Getting “bzr send” to work with GMail

One of the nice features of Bazaar is the ability to send a bundle of changes to someone via email.  If you use a supported mail client, it will even open the composer with the changes attached.  If your client isn’t supported, then it’ll let you compose a message in your editor and then send it to an SMTP server.

GMail is not a supported mail client, but there are a few work arounds listed on the wiki.  Those really come down to using an alternative mail client (either the editor or Mutt) and sending the mails through the GMail SMTP server.  Neither solution really appealed to me.  There doesn’t seem to be a programatic way of opening up GMail’s compose window and adding an attachment (not too surprising for a web app).

What is possible though is connecting via IMAP and adding messages to the drafts folder (assuming IMAP support is enabled).  So I wrote a small plugin to do just that.  It can be installed with the following command:

bzr branch lp:~jamesh/+junk/bzr-imapclient ~/.bazaar/plugins/imapclient

And then configure the IMAP server, username and mailbox according to the instructions in the README file.  You can then use “bzr send” as normal and then complete and send the draft at your leisure.

One nice thing about the plugin implementation is that it didn’t need any GMail specific features: it should be useful for anyone who has their drafts folder stored on an IMAP server and uses an unsupported mail client.

The main area where this could be improved would be to open up the compose screen in the web browser.  However, this would require knowing the internal message ID for the new message, which I can’t see how to access via IMAP.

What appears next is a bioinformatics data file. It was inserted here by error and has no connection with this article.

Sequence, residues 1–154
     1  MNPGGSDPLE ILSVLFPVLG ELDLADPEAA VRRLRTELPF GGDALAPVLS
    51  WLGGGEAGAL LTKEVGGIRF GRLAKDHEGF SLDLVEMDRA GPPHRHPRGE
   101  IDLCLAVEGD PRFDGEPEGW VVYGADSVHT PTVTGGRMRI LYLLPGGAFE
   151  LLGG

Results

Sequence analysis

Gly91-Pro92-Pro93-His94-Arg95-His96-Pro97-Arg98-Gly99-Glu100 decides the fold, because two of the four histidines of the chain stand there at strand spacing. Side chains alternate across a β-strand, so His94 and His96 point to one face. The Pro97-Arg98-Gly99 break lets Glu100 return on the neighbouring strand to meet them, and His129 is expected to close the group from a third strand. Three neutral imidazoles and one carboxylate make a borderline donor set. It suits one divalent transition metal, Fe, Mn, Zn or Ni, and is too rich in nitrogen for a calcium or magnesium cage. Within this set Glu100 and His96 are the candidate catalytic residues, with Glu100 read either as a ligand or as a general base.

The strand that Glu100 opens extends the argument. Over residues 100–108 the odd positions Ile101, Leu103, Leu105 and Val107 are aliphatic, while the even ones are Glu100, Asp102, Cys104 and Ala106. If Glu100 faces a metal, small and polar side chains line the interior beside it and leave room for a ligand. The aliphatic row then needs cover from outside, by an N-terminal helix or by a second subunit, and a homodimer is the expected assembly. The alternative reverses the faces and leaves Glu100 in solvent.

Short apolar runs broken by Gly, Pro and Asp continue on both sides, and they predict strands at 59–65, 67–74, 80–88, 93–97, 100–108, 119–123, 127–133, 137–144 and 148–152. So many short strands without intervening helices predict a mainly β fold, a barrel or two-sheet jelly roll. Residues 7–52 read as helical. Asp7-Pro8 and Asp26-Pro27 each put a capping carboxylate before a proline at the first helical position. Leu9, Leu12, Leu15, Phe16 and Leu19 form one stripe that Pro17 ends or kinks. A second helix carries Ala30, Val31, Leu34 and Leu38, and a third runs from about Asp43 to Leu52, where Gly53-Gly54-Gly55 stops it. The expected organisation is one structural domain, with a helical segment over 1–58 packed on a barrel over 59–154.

5 Comments

  1. Posted 16 January, 2009 at 7:50 pm | Permalink

    I haven’t used bzr send yet, but I gather that it doesn’t use sendmail to send the mail. That would seem the logical choice, as you could then configure your MTA to send via Gmail’s SMTP server.

  2. Posted 16 January, 2009 at 8:59 pm | Permalink

    Bazaar does have support for sending to an SMTP server, and that is what the first solution on the wiki page I linked to describes.

    But that doesn’t let you pick recipients from your address book or defer sending the message in case you want to edit it (in contrast, my solution always requires additional work to send the message). The plugin I wrote isn’t obviously superior to those solutions, but it does have some benefits.

  3. LaserJock
    Posted 18 January, 2009 at 1:53 am | Permalink

    Thanks for this James, I like it much better than a “send via Gmail SMTP” route. I really like the idea of it showing up as a draft in my Gmail. In fact, I’d love to get reportbug to do the same thing so I could do similar when reporting Debian bugs.

  4. Posted 18 January, 2009 at 2:35 am | Permalink

    Thanks! I beat my head against to wall trying to figure this out a while ago and finally gave up when I figured out you can’t make an attachment through the GMail “API”…

  5. Posted 11 February, 2009 at 2:45 am | Permalink

    Fantastic!

    Note that this doesn’t work for me (with Gmail) when the mailbox argument to append is a Unicode string. Converting it to an old-school string does the trick.